102. West Side Story: 5 Real African Cichlids 1

Water Colors Aquarium Gallery Podcast
102. West Side Story: 5 Real African Cichlids

When you say “African cichlids”, you usually conjure up images of “peacocks” from Lake Malawi. This connotation is reductive because it ignores two facts. 1. Cichlidae is one of the most species diverse families of fishes in the world. 2. Africa is the second largest continent in the world. In this episode of the podcast, the Water Colors team try their best to ignore the African Great Lakes (Lake Malawi, Lake Victoria, and Lake Tanganyika) in order to explore the diversity of cichlids in ecosystems across the entire continent of Africa. You can share photos of your real African cichlids with us on the Water Colors Aquarium Gallery Podcast Listeners Facebook group.

– In this episode, we often use the phrase “Rift Lakes” to refer to Lake Malawi, Lake Victoria, and Lake Tanganyika. The “definition” we are using is more colloquial than it is accurate to the conventional geographic designation for lakes within the Rift Valley region of Africa. It might have been more accurate for us to say “African Great Lakes”.
– In this episode, Charles said “Rubrolatochromis”, which is a genus that does not exist. We were talking about genera split from Pelvicachromis and he managed to erroneously “upgrade” the species Wallaceochromis rubrolabiatus to the genus level.
– In this episode, Ben stated that baking soda (AKA sodium bicarbonate) has a “kpH” of 7.8. He was conflating the concepts pKa reaction of sodium bicarbonate <-> carbonic acid, which have the respective pKa values of 10.3 and 6.4, with the 7.4-7.8 pH range that a sodium bicarbonate system will buffer to.

– The genus Haplochromis was originally coined by F.M. Hilgendorf in 1888 in an attempt to start sorting through the “wastebin genus” Chromis. He utilized Haplochromis obliquidens as his type species, but this entire arrangement was thrown into disarray when it was realized that “Chromis” was already in use for genus of small reef fishes, making it’s usage for Pseudocrenilabrinae cichlids a junior homonym. This confusion has resulted in over a century of the taxonomic relations of this clade being redefined multiple times and the relationships between these clades are still misunderstood.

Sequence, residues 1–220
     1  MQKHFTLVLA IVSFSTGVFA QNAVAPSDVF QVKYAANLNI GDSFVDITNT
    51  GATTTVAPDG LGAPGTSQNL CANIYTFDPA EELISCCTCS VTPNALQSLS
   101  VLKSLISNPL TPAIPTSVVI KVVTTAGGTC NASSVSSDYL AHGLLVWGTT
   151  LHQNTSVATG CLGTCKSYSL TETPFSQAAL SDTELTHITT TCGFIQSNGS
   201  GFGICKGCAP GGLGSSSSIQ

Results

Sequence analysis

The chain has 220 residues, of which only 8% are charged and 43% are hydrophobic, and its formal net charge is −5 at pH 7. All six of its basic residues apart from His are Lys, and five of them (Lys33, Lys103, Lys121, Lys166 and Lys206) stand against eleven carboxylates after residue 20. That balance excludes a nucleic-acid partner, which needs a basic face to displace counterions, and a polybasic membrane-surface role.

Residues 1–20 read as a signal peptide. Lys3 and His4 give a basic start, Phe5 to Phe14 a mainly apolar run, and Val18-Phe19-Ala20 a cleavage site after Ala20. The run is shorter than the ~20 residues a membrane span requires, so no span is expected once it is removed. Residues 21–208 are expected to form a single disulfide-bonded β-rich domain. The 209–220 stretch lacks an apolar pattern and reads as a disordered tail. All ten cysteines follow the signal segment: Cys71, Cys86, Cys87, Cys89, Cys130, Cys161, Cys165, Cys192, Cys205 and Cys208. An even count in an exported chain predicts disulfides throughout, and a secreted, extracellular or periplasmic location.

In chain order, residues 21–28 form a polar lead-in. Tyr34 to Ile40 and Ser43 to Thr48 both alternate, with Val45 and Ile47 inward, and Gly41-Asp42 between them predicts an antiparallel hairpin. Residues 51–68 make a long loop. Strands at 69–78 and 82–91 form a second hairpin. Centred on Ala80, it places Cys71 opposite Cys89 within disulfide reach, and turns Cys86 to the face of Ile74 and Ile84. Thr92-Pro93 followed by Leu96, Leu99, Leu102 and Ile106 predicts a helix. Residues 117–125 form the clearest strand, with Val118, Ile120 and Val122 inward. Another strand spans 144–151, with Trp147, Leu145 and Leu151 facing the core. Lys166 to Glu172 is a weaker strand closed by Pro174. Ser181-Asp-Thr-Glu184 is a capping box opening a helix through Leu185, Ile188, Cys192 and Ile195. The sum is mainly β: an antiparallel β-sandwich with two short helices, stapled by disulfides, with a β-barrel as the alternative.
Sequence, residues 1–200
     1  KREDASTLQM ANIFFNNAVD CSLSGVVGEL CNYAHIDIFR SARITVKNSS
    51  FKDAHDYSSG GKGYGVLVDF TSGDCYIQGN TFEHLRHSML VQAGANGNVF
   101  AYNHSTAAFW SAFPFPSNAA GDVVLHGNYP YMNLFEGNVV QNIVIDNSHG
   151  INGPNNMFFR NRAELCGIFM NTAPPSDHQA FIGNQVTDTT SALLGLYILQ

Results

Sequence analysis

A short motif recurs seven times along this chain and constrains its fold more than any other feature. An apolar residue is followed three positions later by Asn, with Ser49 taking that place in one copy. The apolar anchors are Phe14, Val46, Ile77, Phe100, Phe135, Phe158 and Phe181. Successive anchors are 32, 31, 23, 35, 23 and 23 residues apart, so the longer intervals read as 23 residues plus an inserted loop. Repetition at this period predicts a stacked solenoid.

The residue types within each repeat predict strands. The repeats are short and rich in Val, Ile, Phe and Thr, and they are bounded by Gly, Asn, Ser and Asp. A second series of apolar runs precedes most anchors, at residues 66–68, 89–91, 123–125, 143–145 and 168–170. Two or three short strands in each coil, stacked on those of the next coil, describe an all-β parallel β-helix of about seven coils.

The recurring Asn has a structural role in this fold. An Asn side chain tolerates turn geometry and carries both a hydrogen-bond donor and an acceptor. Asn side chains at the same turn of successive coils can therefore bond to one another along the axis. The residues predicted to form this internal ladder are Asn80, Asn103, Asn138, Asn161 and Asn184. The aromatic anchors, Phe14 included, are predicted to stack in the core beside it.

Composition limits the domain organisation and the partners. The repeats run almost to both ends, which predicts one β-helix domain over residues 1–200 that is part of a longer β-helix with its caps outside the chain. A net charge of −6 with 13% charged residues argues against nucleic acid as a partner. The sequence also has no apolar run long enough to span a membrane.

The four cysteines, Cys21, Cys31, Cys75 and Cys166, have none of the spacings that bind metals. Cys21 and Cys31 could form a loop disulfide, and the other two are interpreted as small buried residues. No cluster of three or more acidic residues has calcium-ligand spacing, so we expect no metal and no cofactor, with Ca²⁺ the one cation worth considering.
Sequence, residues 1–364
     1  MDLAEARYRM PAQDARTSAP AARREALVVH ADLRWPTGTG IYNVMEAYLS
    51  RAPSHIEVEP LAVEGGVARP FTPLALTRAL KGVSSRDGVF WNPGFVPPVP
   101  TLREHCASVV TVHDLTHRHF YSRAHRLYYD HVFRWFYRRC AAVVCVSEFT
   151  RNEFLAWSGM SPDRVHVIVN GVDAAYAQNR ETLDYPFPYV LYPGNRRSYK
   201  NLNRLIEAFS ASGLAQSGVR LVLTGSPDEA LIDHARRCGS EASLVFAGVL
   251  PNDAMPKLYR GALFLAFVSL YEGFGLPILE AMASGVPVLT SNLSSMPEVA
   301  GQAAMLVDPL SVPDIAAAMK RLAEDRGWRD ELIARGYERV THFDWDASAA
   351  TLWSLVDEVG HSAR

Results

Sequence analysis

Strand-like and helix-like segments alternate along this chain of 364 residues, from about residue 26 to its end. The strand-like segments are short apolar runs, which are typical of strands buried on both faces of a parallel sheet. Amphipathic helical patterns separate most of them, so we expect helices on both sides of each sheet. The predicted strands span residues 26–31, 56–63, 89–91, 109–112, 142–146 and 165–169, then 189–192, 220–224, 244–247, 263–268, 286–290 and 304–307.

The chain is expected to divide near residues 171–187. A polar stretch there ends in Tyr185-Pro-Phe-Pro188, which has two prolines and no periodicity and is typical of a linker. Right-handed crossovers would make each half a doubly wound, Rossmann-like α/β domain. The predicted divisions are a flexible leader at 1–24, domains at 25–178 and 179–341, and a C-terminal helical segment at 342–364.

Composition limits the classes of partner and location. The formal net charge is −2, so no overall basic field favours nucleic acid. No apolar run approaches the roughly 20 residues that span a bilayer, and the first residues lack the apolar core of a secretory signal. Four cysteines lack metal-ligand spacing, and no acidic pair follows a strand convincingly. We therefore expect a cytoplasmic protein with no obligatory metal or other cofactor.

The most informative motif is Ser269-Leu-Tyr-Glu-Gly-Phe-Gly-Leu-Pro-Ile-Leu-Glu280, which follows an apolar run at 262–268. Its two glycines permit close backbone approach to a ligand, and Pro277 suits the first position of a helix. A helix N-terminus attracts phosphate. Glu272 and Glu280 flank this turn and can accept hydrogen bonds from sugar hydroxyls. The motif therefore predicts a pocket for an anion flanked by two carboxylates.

Book Mentioned in this Episode:
The Cichlids of Western Africa by Anton Lamboj

Cichlids Mentioned in This Episode:
– Discus (Symphysodon spp.)
– Ram cichlid (Mikrogeophagus ramirezi)
– Freshwater angelfish (Pterophyllum scalare)
Apistogramma spp.
Nanochromis spp.
– Common krib (Pelvicachromis pulcher)
– Wonderful goby cichlid (Gobiocichla wonderi)
Xystichromis sp. “Kyoga Flameback”
Haplochromis spp.
Aulonocara spp.
Pseudotropheus spp.
Copadichromis borleyi
Pseudocrenilabrus nicholsi
– Egyptian/Victorian mouthbrooder (Pseudocrenilabrus multicolor)
Pseudocrenilabrus philander
– Silver Katana cichlid (Haplochromis thereuterion)
– Sardine cichlids (Cyprichromis spp.)
– Malawi shell-dweller (Pseudotropheus lanisticola)
– Jewel cichlid (Hemichromis spp.)
– Jack Dempsey cichlid (Rocio octofasciata)
Hemichromis cristatus
Hemichromis lifalili
– Regani dwarf pike cichlid (Crenicichla regani)
Hemichromis sp. “Moanda”
– Black diamond Madagascar cichlid (Paratilapia polleni)
– Oscar (Astronotus ocellatus)
– Bichard’s slender cichlid (Teleogramma brichardi)
Wallaceochromis spp.
Enigmatochromis lucanusi
Pelvicachromis silviae
Pelvicachromis sacrimontis
Pelvicachromis subocellatus
Nanochromis transvestitus
Nanochromis parilus
Nanochromis splendens
– Pindu cichlid (Stomatepia pindu)
Pelvicachromis kribensis “Moliwe”
– Soda cichlid (Alcolapia alcalica)
– Tilapia cichlids (Oreochromis spp.)
– Buffalo-head cichlid (Steatocranus casuarius)
– Blue-lipped buffalo-head cichlid (Paragobiocichla irvinei)
– African butterfly cichlid (Anomalochromis thomasi)

One Comment

  1. Thanks for another wonderful episode!

    In response to your question:
    The very red yet maybe not too aggressive hemichromis exsul and its home in special lake turkana may also be mentioned, as well as the very green thoracochromis brauschi.

    I look forward to hear you next time

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